1 Enoch 62:2
1 And thus the Lord commanded the kings and the mighty and the exalted, and those who dwell on the earth, and said: 'Open your eyes and lift up your horns if ye are able to recognize the Elect One.' 2 And the Lord of Spirits seated him on the throne of His glory, And the spirit of righteousness was poured out upon him, And the word of his mouth slays all the sinners, And all the unrighteous are destroyed from before his face. 3 And there shall stand up in that day all the kings and the mighty, And the exalted and those who hold the earth, And they shall see and recognize How he sits on the throne of his glory, And righteousness is judged before him, And no lying word is spoken before him. 4 Then shall pain come upon them as on a woman in travail, [And she has pain in bringing forth] When her child enters the mouth of the womb, And she has pain in bringing forth. 5 And one portion of them shall look on the other, And they shall be terrified, And they shall be downcast of countenance, And pain shall seize them, When they see that Son of Man Sitting on the throne of his glory.
31 “When the Son of Man comes in his glory and all the angels with him, then he will sit on his glorious throne. 32 All the nations will be assembled before him, and he will separate people one from another like a shepherd separates the sheep from the goats. 33 He will put the sheep on his right and the goats on his left. 34 Then the king will say to those on his right, ‘Come, you who are blessed by my Father, inherit the kingdom prepared for you from the foundation of the world. 35 For I was hungry and you gave me food, I was thirsty and you gave me something to drink, I was a stranger and you invited me in, 36 I was naked and you gave me clothing, I was sick and you took care of me, I was in prison and you visited me.’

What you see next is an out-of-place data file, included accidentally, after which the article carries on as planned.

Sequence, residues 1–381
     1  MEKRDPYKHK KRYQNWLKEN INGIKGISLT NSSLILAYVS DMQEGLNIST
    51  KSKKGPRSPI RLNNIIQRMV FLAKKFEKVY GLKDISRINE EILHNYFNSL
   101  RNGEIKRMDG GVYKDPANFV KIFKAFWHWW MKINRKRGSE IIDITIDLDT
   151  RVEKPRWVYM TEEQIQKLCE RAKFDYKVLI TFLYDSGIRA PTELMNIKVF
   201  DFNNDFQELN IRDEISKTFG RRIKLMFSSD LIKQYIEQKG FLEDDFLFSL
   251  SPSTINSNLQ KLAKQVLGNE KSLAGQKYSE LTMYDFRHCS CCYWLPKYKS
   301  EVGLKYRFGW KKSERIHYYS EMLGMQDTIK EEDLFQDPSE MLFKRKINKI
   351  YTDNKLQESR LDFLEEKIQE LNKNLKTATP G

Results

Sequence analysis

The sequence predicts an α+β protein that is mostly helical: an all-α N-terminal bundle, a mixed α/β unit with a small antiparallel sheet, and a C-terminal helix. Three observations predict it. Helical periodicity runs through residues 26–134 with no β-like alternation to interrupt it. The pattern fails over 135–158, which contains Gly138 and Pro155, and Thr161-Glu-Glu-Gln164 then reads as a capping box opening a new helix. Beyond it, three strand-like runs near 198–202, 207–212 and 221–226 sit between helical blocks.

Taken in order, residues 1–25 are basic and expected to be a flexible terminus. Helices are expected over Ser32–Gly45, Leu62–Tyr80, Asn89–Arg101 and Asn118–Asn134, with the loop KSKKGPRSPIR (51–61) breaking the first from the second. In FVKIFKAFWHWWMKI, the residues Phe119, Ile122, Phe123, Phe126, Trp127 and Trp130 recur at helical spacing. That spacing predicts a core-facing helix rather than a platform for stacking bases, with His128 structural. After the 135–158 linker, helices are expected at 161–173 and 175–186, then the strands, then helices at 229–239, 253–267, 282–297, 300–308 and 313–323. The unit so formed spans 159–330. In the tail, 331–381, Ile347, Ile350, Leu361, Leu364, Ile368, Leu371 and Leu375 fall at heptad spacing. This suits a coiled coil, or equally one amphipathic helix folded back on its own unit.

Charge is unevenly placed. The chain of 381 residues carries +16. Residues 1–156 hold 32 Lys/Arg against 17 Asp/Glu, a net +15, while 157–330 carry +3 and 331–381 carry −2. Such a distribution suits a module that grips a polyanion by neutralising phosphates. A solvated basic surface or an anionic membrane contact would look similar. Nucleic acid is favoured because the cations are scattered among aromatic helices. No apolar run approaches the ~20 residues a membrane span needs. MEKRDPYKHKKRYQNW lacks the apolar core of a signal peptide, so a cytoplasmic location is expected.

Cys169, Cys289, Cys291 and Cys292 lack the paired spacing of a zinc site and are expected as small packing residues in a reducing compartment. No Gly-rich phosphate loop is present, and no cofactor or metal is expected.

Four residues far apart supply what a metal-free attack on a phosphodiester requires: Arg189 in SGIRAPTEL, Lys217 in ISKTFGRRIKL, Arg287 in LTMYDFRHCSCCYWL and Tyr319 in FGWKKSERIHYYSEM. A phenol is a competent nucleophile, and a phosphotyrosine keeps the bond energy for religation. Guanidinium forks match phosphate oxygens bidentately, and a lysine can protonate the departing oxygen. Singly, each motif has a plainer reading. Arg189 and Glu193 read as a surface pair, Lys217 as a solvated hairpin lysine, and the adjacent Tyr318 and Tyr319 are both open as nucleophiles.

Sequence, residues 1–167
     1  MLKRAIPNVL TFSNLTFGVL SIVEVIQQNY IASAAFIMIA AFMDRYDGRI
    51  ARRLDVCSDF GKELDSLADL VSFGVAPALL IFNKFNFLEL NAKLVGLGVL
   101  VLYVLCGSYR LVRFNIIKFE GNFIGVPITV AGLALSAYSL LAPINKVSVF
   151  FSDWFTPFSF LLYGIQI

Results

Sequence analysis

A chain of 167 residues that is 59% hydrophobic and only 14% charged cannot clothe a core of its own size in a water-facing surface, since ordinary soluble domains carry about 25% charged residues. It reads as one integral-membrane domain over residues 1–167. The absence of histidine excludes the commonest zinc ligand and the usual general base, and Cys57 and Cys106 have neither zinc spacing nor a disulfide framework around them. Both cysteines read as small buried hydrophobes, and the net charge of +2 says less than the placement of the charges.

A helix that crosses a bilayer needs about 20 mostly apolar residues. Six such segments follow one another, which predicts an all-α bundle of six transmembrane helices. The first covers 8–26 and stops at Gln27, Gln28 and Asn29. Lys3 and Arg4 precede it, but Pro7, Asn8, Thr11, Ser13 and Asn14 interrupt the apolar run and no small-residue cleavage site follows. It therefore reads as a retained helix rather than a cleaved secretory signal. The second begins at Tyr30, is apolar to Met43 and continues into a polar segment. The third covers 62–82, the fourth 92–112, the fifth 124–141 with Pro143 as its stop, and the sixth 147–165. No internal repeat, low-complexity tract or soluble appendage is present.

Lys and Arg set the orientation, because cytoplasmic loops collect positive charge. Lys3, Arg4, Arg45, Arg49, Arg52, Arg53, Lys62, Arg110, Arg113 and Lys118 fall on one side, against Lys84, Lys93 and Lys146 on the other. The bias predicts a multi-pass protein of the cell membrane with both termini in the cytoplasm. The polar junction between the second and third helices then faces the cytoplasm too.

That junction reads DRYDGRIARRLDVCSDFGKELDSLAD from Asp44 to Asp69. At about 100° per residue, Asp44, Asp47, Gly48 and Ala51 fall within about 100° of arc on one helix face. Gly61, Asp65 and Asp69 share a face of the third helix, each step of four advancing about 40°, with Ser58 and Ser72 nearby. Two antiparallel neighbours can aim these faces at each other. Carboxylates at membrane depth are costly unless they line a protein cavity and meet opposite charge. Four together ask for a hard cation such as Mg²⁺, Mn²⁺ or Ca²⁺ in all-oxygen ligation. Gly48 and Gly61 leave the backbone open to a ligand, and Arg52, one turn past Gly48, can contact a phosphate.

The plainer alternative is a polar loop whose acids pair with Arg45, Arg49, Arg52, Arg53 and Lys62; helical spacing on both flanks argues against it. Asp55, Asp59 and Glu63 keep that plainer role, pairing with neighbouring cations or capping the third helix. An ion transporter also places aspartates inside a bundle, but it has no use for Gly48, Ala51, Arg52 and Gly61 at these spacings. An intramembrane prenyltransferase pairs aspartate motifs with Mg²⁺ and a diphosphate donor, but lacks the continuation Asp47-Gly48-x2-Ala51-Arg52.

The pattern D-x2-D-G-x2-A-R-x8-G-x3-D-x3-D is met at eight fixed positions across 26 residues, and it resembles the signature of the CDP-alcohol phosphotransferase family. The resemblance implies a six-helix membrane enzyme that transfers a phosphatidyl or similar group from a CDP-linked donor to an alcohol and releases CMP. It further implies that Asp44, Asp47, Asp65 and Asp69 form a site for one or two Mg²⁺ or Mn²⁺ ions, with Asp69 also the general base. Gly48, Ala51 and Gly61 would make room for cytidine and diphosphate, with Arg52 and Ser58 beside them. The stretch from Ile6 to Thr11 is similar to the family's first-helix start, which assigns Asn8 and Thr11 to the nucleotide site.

Notes and References
"... Now at this point one might appear incautious and adventurous in using I Enoch at all.1 The absence of chapters xxxvii-lxxi from among the Qumran finds reinforces already existing doubt about dating, and the possibility of Christian interference with the text only increases uncertainty. Nevertheless, I do not believe that I Enoch is unusable nor that the parallelism between lxii-lxiii and Matthew xxv. 31-46 can be discounted, provided the argument is protected in the following way : (a) Even if I Enoch xxxvii-lxxi were, to put it most unfavorably, post-Matthaean in date and demonstrably Christianized in content it could still be used as a means of comparison bringing about a sensitivity to the possibility of similar patterns of thought in Matthew. The existence of such patterns in Matthew would not thereby have been proved, but the possibility of their providing an en tree into the essential structure of the Matthaean material would have been kept open. (b) The age of a document and the age of the traditions contained in it are not necessarily identical, and in this instance we do appear to be dealing with a scheme which is much older than both I Enoch and Matthew. In other words, form-criticism makes a significant contribution here and, in particular, reference must be made to the work of G. W. E. Nickelsburg2 which uncovered the existence of a long-established pre-Enochian scheme describing the exaltation of formerly persecuted persons and the passing of judgement on their erstwhile persecutors. This scheme, which draws on Isaiah xiii-xiv, lii-liii, is picked up in Daniel vii. xii-xiii and can be seen emerging in Wisdom ii. iv-v as well as in I Enoch lxii-lxiii and elsewhere ..."
Catchpole, David R. The Poor on Earth and the Son of Man in Heaven A Re-Appraisal of Matthew 25:31-46 (pp. 355-397) Bulletin of the John Rylands Library 61, 1979
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